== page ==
Publications by authors named "Billy Bourke"

59 Publications

Transient elastography lacks precision in children.

Pediatr Res 2021 Aug 31. Epub 2021 Aug 31.

School of Medicine, University College Dublin, Dublin, Ireland.

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http://dx.doi.org/10.1038/s41390-021-01694-1DOI Listing
August 2021

The impact of liver disease on mortality in cystic fibrosis-A systematic review.

J Cyst Fibros 2021 Aug 8. Epub 2021 Aug 8.

School of Medicine University College Dublin, Belfield, Dublin 4, Ireland. Electronic address:

Background: There is conflicting evidence on the impact of liver disease (CFLD) on life expectancy in CF. Therefore the aim of this systematic review was to evaluate the impact of liver disease (CFLD) on mortality in CF.

Methods: The protocol was published at (https://hrbopenresearch.org/articles/3-44/v3) using PRISPMA-P guidelines and registered in Prospero 2020 (CRD42020182885). Three databases were searched for publications (1938-2020) where the outcome was all-cause mortality (defined as death and transplantation) or CF-specific mortality in participants with CFLD. Studies with and without a comparator group were included. Studies were divided into 2 groups based on the definition of CFLD: Group 1 used 2 categories of liver disease (i) liver disease with portal hypertension (PH) (ii) non-specific abnormalities which did not meet the criteria for PH, Group 2 studies only included participants with PH.

Results: All 14 eligible studies were observational, with a moderate-high risk of bias, Six of the 14 studies directly compared mortality between those with CFLD and those with no liver disease, and 5/6 demonstrated that those with CFLD had at least 3 time the risk of death compared to those with no liver disease. Pulmonary complications were the primary cause of death.

Conclusion: This SR demonstrates that liver disease shortens life expectancy in CF, and that pulmonary complications are the primary cause of death in those with CFLD. There has been no improvement in survival for persons with CFLD despite significant improvements in life expectancy for persons with CF who have no evidence of liver disease.
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http://dx.doi.org/10.1016/j.jcf.2021.07.014DOI Listing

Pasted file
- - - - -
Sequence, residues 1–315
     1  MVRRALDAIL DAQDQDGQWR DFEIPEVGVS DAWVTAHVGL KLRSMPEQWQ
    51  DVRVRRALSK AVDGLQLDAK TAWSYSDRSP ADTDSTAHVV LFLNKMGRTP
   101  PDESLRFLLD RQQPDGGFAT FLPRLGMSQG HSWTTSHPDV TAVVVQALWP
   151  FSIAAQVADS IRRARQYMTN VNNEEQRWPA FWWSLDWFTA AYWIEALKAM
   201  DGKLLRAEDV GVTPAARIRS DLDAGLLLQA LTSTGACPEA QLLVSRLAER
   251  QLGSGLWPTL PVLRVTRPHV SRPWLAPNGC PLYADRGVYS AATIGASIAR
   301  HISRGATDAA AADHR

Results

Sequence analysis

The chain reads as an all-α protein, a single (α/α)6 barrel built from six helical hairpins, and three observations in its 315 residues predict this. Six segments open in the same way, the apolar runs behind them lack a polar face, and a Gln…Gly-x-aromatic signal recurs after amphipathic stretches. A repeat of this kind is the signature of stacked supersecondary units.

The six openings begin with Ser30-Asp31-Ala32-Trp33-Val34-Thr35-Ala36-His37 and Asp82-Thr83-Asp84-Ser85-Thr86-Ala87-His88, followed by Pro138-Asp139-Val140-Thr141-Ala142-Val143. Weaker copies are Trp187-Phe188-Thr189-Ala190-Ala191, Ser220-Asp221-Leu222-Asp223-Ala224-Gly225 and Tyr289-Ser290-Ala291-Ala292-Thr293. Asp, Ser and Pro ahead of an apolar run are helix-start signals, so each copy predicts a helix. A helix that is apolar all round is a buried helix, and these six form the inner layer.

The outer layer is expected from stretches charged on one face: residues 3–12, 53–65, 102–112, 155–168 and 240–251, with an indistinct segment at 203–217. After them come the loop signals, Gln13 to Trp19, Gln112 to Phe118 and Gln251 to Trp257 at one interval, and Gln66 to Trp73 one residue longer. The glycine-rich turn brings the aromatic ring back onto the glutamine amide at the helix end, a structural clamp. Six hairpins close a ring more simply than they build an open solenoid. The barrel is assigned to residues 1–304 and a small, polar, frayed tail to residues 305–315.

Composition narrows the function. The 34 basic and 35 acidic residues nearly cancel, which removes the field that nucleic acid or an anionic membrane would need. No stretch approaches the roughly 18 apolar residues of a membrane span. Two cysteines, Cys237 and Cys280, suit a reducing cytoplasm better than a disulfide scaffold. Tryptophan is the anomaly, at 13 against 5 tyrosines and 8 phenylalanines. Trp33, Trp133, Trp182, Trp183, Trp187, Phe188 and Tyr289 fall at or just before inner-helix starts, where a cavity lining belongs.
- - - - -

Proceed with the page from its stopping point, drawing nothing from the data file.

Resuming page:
August 2021

Performance Characteristics, Intra- and Inter-Operator Agreement of Tramnsient Elastography in Pediatric Nonalcoholic Fatty Liver Disease.

J Pediatr Gastroenterol Nutr 2021 Jul 27. Epub 2021 Jul 27.

School of Medicine, University College Dublin Ireland Radiography and Diagnostic Imaging, School of Medicine, University College Dublin Children's Health Ireland at Crumlin Dublin 12 Department of Pediatrics, School of Medicine, Royal College of Surgeons in Ireland.

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http://dx.doi.org/10.1097/MPG.0000000000003254DOI Listing
July 2021

The impact of liver disease on mortality in cystic fibrosis - a systematic review protocol.

HRB Open Res 2020 22;3:44. Epub 2020 Dec 22.

School of Medicine, University College Dublin, Dublin, Ireland.

Cystic fibrosis (CF) is a multiorgan disease affecting the lungs pancreas and gastrointestinal tract. Pulmonary complications are the most common manifestation of the disease. Recent advances in the treatment of pulmonary complications have resulted in substantial improvement in life expectancy. Less than 10% of persons with CF (PWCF) develop liver disease (CFLD). There is conflicting evidence about impact of liver disease on mortality in CF, with evidence suggesting that CFLD contributes to increased mortality in CF, while other studies suggest that the impact on mortality is limited. Understanding the contribution of liver disease to mortality in CF is essential if further improvements in life expectancy are to be achieved. To document the impact of liver disease on life expectancy for PWCF. This systematic review will be conducted in compliance with the Preferred Reporting Items for Systematic Reviews and Meta-Analysis Protocols (PRISMA-P 2015). PubMed, Medline and Embase will be searched for English language publications (1949-2020). Studies reporting the outcome for CFLD will be included where the definition of CFLD is outlined clearly in a CF population. Studies with and without a comparator will be evaluated. Clinical trials of ursodeoxycholic acid will be excluded as well as organ transplantation outcome studies. We will examine all-cause and specific causes of mortality.We will include transplantation in our estimates of all-cause mortality. The Axis Risk of Bias Tool for Observational Studies will be used to evaluate the quality of studies. We will provide a narrative synthesis of our findings using tabular formats to highlight any impact of liver disease on mortality in CF. It is anticipated that this review will bring clarity to the question of whether CFLD shortens life expectancy in PWCF and stimulate new approaches to the management of CFLD.
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http://dx.doi.org/10.12688/hrbopenres.13065.3DOI Listing
http://www.ncbi.nlm.nih.gov/pmc/articles/PMC7713883.3PMC
December 2020

NADPH oxidase 4 is protective and not fibrogenic in intestinal inflammation.

Redox Biol 2020 10 7;37:101752. Epub 2020 Oct 7.

Conway Institute, School of Medicine, University College Dublin, Dublin, Ireland; National Children's Research Centre, Children's Health Ireland, Dublin, Ireland. Electronic address: